This exercise is trying to find the modest or appropriate amount of communication. It shall remove decoration and accessories or even add all these redundancies to find the essence. How is simplification or excess changing the visual appearance of content?
The key area of my research has been the concept of brevity applied to the moving image and how this can help the viewer regain attention for information that matters. Whether it is a short summary of a happening in the form of video, or moving image invading Facebook, Instagram or Reddit: the growing tendency in (social) media to equip information with short videos is undeniable. It is particularly interesting that these videos have specific durations of – for example – six (Vine, TikTok until 2019), 10 (Snapchat) 15 (Instagram Story), 60 (Instagram Profile) or 140 seconds (Twitter). I wanted to find out how much of the efficiency of mediation is affected by the amount of content: How much communication is necessary? And necessary for whom? For the sender, or the recipient? What defines, what is exceeding the needful, what is unnecessary or what is missing to the needful? My films are trying to find a modest or appropriate amount of communication. They shall remove decoration and accessories or even add all these redundancies to find the essence.

Still of my short film starring Karli Cladrowa, Jermaine Adoptie and Cem Altınöz

There are already telephone-sex hotlines that promise an orgasm in three minutes. There are quickies. Vibrators that guarantee satisfaction in the blink of an eye. And there is also fast-food.
This is where we lost brevity in the appropriate manner: fast-food for lunch and slow-food for dinner. In the subway we shall watch a quick flick and in the evening – to calm down – we are supposed to watch slow-paced entertainment.

Netflix is now offering a test version for Android users in which one can watch movies and shows in 1.5-speed. We don’t know yet if this feature will be open for all users, but just the thought of this being available should make us wonder. The hostility towards art does not seem to know any borders. Whoever is aware of – what the right edit / cut means to the film, how milliseconds are crucial for the rhythm in a movie – can only shake their head. Famous directors owe their editors a lot. One should only keep in mind Tarantino and his – sadly too early deceased – editor Sally Menke. We can’t imagine how important she was for the brilliance of his movies. Or if we think of comedies: how punchlines are timed. Pauses play a very important role in delivering these punchlines. One can’t just fast-forward to that.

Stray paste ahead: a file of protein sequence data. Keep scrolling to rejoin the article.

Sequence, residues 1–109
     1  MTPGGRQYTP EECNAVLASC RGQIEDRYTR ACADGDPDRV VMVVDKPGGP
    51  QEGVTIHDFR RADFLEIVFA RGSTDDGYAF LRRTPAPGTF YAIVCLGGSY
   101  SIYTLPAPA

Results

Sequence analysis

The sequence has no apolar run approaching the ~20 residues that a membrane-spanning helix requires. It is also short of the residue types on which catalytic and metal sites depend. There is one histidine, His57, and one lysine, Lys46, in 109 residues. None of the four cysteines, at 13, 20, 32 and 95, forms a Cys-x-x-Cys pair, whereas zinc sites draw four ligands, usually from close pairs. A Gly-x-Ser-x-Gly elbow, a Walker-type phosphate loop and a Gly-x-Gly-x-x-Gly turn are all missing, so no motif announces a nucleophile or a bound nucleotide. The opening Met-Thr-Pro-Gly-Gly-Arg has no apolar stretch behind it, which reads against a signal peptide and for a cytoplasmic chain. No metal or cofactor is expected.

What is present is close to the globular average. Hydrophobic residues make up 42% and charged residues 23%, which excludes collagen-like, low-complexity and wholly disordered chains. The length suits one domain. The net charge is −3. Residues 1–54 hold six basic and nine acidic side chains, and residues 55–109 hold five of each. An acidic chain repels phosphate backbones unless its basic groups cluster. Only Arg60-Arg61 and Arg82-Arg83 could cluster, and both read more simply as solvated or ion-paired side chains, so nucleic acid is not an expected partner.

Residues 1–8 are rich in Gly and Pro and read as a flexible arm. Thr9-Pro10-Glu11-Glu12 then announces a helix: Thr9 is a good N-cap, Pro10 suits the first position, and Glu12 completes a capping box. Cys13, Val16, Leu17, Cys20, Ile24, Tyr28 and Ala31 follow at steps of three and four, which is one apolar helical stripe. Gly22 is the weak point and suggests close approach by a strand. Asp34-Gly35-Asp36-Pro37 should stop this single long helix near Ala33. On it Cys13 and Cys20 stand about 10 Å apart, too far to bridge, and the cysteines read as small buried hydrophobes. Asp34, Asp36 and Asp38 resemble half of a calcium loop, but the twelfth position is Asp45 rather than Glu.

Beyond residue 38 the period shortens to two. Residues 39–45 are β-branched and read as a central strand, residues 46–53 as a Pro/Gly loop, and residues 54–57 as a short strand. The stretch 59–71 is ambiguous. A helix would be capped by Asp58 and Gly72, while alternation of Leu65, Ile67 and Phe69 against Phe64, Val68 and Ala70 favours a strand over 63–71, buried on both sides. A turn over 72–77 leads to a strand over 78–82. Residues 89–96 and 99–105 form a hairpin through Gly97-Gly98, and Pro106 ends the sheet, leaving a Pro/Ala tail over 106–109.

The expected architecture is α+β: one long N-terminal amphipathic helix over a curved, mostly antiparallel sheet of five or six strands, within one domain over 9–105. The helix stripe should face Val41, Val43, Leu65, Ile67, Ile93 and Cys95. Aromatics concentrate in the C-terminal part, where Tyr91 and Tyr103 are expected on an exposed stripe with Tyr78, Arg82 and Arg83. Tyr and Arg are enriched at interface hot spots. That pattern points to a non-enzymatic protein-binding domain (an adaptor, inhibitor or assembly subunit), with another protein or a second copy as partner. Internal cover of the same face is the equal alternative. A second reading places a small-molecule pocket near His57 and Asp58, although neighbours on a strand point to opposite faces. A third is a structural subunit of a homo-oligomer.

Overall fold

Reed Hastings, the co-founder and chairman of Netflix, has once been asked
who the biggest competitor of Netflix is. Is it the gigantic Amazon Prime, or the innovative Hulu? No. According to him the biggest competitor for Netflix is sleep. Another streaming service would just be another drop in the ocean of time and money. Just as Benjamin Franklin said: ‘Remember that time is money.’, or as Karl Marx already described in his Outlines of Capital: A Critique of Political Economy: ‘eventually all economics dissolve in an economy of time’ .

‘Empire’ – a 485-minute long stationary view of the Empire State Building throughout sunset. Initially filmed at 24 frames per second, Warhol intended it to be seen in slow motion at 16 frames per second, extending the 6 1 / 2 hour length of the film to 8 hours and 5 minutes. Andy Warhol simply wanted the viewer ‘(…) to see time go by’ Bourdon, D. (1989). Warhol.

It seems that it’s not acceptable anymore that a piece of work is just as it is. It is perceived as undemocratic if a work refuses these participatory elements. More and more, the viewer sees the work as a product that lives up to the consumer, but no one is asking whether the viewer lives up to the work. Watching movies faster – what is already happening outside of Netflix – for example on platforms like YouTube, unveils several shifted ideologies that exist nowadays.

Posters for the project shown at the #WalkBy Exhibition

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